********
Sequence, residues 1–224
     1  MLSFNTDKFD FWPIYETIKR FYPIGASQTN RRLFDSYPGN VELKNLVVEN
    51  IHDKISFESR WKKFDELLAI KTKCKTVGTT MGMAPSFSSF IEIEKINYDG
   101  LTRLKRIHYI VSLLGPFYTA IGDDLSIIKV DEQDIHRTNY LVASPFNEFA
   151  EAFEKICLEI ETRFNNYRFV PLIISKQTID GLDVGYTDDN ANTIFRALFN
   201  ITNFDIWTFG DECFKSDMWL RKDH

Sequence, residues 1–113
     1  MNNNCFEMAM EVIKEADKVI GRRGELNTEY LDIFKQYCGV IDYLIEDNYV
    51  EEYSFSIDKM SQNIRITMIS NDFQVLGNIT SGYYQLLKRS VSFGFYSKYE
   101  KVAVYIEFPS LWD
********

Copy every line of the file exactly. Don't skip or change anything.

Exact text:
Sequence, residues 1–224
     1  MLSFNTDKFD FWPIYETIKR FYPIGASQTN RRLFDSYPGN VELKNLVVEN
    51  IHDKISFESR WKKFDELLAI KTKCKTVGTT MGMAPSFSSF IEIEKINYDG
   101  LTRLKRIHYI VSLLGPFYTA IGDDLSIIKV DEQDIHRTNY LVASPFNEFA
   151  EAFEKICLEI ETRFNNYRFV PLIISKQTID GLDVGYTDDN ANTIFRALFN
   201  ITNFDIWTFG DECFKSDMWL RKDH

Sequence, residues 1–113
     1  MNNNCFEMAM EVIKEADKVI GRRGELNTEY LDIFKQYCGV IDYLIEDNYV
    51  EEYSFSIDKM SQNIRITMIS NDFQVLGNIT SGYYQLLKRS VSFGFYSKYE
   101  KVAVYIEFPS LWD